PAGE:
Justice

Policymakers slowly acknowledge what marketers have known for years: Millennials exist

Courtesy of Liana Simonds/New America

“People who are most directly impacted should lead their own struggle.”

The comment from immigration reform advocate Prerna Lal concisely sums up a policy symposium just wrapping up in Washington.

Millennials Rising, a two-day event convened in a rapidly gentrifying part of the city, was a “by millennials, for millennials” discussion about how young people can promote policies that will lead to a better future.

While the several hundred gathered came from a diverse range of experiences – policy wonks, students, advocates, young parents, young corporate professionals, black, brown, white, male, female, gay, straight, documented, undocumented – there was broad agreement from the millennials in attendance on what pro-millennial policies should look like.

Young people want student loan reform so that their repayment plans are based on their income. They want paid leave so that when they or their kids get sick, they aren’t at risk of losing their jobs. They want voting to be less complicated and more flexible. They want flexible childcare because the days of the 9 to 5 job are long gone and they don’t always know their schedules in advance. They want tax breaks or incentives for cohabitation, not just marriage, because not all families are traditional.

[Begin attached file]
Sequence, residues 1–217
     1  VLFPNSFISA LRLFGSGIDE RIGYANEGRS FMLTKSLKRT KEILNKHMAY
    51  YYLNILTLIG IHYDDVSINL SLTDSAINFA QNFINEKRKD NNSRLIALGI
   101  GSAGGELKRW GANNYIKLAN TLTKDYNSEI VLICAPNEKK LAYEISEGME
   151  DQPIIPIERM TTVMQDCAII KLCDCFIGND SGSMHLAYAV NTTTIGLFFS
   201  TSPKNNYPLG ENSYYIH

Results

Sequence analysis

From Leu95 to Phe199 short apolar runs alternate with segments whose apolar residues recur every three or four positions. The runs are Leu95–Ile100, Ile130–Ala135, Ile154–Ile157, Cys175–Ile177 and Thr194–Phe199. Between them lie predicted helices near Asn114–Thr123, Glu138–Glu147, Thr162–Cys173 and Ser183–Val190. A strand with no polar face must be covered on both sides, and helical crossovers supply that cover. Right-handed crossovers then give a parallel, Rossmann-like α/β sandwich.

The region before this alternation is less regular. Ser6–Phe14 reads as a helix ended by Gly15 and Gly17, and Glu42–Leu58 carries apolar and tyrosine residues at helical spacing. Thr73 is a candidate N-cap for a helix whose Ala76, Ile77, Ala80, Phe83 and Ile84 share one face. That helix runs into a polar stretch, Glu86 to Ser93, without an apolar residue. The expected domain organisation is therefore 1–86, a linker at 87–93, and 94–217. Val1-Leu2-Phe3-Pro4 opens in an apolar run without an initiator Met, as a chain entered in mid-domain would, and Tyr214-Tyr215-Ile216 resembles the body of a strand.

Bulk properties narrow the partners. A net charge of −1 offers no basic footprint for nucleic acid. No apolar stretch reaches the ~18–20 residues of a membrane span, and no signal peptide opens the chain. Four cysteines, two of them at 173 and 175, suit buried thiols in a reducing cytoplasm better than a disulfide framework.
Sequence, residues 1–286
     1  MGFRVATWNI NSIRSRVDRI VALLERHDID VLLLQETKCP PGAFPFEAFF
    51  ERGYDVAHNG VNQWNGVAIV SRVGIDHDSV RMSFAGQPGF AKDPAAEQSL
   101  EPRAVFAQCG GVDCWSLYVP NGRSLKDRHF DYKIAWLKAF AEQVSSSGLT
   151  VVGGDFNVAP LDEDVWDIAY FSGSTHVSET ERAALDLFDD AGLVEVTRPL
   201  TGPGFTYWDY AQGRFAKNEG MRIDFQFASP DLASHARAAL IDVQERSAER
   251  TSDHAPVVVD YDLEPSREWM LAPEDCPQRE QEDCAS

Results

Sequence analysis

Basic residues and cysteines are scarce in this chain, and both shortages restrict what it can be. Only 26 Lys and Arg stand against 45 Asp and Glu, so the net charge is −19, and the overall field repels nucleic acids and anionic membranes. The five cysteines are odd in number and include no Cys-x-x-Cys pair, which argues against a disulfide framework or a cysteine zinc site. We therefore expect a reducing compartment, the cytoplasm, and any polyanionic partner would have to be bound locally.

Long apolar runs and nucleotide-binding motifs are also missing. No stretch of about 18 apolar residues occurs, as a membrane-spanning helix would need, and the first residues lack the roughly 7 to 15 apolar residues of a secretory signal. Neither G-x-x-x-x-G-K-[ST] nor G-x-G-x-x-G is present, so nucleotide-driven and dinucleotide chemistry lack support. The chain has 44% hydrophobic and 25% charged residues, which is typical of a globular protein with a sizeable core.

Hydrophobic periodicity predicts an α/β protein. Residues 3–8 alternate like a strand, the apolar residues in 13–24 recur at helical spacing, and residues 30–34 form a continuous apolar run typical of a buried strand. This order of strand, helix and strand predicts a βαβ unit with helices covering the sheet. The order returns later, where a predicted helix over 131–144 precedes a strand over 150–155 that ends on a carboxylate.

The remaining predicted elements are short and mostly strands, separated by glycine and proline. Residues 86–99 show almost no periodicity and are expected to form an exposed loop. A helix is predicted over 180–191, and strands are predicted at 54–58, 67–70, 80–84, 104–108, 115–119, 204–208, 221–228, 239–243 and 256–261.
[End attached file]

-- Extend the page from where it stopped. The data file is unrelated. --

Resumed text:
Agreeing on those policies was the easy part. The symposium devoted much more time to a far more difficult challenge: how to implement them.

Passing policies millennials care about is tricky right now because, as many attendees pointed out, millennials are disconnected from traditional power structures.

And, as Laurenellen McCann of New America said, “In the end, it always comes back to power.”

The problem, Taylor Jo Isenberg from the Roosevelt Campus Network pointed out, is, “Young people don’t generally feel like they have it.”

In other words, the people impacted by policies like student loan reform don’t currently have the ability or space to lead their own struggle within traditional structures like Capitol Hill or Wall Street.

But that doesn’t mean they can’t lead.

After all, DREAMers, who by definition cannot vote, successfully pressured the White House into executive action on deportation relief with Deferred Action for Childhood Arrivals, and videos of students asking lawmakers “Are you going to deport me?” have gone viral.

In typical millennial fashion, optimistic (seriously, studies show millennials are super optimistic) symposium attendees suggested ways young people can make their voices heard.

Go local. NBC News political reporter Perry Bacon, Jr. pointed out that effecting change at the local level is much easier than in the halls of Congress. Many cities are effectively governed by one party, so those in power aren’t afraid they’ll be voted out for compromising.

Get out from behind the computer. “I want us to offline better,” McCann said. President Obama’s campaign didn’t just win millennials by figuring out how to Tweet, it held house parties to facilitate face-to-face interaction.

Campaign for things even when policy change seems slow to follow. It makes sense, Sabeel Rahman of the Roosevelt Institute said, to have social movements facilitate the restructuring of policy or political reform.

We’ve already seen it in the private sector. Marketers are all about appealing to millennials and even the next generation. Tech companies excel at it. Companies like Uber flourish as taxi unions struggle to attract young riders. Policymakers are now beginning to realize they also can’t ignore millennials.

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